Despite the heavy downpour, nearly two hundred matachines dancers from San Antonio and South Texas gathered at Mission Concepción on Sunday, Dec. 4 to recognize the Immaculate Conception Feast Day, which falls on Dec. 8.

The tradition of the matachines music, costumes, and movement in San Antonio has been alive for generations, and many local families have been dancing together throughout the years.

“Different parishes in San Antonio and outlying cities have their own groups that dance in their parish, so this is a moment for all of them to come together,” Fr. David Garcia said.

The dancing, steeped in indigenous and Spanish roots, takes place in countless cities and plazas throughout the Americas. I’ve seen it performed by people of all ages in the highlands of my own home state of Jalisco, Mexico. As we say in Spanish: la tradición sigue viva (the tradition remains alive).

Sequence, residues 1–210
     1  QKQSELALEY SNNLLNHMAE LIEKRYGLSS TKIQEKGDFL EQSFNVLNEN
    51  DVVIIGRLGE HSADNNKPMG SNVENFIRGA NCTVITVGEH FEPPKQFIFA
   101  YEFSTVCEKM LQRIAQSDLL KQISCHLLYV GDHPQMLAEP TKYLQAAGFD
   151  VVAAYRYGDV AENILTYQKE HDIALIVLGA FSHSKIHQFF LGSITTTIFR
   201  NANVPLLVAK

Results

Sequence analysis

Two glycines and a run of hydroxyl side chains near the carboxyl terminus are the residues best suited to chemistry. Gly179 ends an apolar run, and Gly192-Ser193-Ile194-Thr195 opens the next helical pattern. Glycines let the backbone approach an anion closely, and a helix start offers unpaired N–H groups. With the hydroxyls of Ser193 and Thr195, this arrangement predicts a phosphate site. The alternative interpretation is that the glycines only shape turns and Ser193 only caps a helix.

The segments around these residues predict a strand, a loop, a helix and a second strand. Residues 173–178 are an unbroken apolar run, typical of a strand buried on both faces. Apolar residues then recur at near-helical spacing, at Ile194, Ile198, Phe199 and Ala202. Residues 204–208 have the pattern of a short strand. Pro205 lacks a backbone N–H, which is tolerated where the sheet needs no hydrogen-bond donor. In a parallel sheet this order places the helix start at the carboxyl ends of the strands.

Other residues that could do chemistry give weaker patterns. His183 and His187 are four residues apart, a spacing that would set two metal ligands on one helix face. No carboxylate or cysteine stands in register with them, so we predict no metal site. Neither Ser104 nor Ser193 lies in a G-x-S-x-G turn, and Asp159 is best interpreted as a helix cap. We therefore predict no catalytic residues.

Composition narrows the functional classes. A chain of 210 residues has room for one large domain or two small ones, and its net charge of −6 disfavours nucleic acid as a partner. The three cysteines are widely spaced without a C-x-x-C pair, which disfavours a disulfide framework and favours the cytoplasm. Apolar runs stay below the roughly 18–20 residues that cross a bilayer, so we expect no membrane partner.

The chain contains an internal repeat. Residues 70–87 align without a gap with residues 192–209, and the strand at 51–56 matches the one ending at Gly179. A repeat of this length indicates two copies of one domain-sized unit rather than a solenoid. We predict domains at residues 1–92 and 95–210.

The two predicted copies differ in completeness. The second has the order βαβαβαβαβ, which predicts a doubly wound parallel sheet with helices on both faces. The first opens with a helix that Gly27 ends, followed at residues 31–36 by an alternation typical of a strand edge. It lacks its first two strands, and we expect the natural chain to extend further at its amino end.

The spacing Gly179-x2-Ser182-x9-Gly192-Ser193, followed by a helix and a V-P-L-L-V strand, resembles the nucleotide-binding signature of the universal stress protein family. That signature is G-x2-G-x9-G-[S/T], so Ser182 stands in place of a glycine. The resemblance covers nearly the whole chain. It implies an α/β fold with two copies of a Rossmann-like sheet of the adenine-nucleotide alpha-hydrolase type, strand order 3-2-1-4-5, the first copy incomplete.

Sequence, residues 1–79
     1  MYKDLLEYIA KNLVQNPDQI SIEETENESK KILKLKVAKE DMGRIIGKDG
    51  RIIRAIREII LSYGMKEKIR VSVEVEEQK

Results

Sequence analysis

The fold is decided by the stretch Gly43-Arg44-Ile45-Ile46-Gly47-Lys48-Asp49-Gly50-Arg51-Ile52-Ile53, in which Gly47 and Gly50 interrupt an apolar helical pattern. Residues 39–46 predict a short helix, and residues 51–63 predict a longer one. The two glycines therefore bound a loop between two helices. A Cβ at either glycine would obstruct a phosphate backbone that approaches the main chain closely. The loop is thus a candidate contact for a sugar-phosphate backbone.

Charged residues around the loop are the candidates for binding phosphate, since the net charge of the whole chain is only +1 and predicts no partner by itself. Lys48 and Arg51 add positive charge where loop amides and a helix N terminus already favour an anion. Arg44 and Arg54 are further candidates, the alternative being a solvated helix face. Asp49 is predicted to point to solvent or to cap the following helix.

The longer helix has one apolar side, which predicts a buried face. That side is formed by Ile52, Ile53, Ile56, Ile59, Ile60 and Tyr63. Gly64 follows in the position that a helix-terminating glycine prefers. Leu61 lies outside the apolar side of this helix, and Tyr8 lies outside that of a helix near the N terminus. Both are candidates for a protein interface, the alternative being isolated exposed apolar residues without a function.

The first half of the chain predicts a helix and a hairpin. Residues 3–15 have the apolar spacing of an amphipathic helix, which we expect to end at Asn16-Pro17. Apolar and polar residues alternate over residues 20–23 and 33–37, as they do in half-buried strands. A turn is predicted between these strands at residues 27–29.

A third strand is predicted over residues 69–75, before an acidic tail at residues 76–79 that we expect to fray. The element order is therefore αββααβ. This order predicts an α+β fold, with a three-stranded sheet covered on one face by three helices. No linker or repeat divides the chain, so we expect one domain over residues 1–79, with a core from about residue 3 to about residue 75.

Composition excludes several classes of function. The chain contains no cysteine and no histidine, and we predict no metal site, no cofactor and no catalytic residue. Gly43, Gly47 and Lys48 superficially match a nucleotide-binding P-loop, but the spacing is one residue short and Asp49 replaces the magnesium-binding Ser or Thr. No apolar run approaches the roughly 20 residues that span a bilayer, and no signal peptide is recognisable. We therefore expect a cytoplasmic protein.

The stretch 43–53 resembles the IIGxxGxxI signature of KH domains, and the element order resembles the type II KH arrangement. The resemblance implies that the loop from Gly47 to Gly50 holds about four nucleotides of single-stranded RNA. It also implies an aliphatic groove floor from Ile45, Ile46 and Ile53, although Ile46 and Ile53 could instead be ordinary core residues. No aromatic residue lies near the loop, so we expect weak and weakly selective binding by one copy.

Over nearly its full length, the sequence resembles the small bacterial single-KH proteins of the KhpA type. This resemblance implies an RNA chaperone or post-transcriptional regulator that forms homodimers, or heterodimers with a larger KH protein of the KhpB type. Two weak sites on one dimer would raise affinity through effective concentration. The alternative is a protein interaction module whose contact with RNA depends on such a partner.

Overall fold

La Danza de Matachines, which is celebrated on special religious feast days, evolved over hundreds of years, starting with the Moors before the Spaniards made it their own. During the Spanish conquest, it was brought to the New World by Catholic missionaries who decided to garner indigenous traditions and refocus them on a Christian message in order to ease the conversion of indigenous peoples to Catholicism. Missionaries also used other forms of music, arts, and dance in successive evangelization efforts.

Kathryn Boyd-Batstone

Kathryn Boyd-Batstone is a California native and a graduate of the University of Oregon. She moved to San Antonio in December 2015 to join The Rivard Report team as photographer and videographer.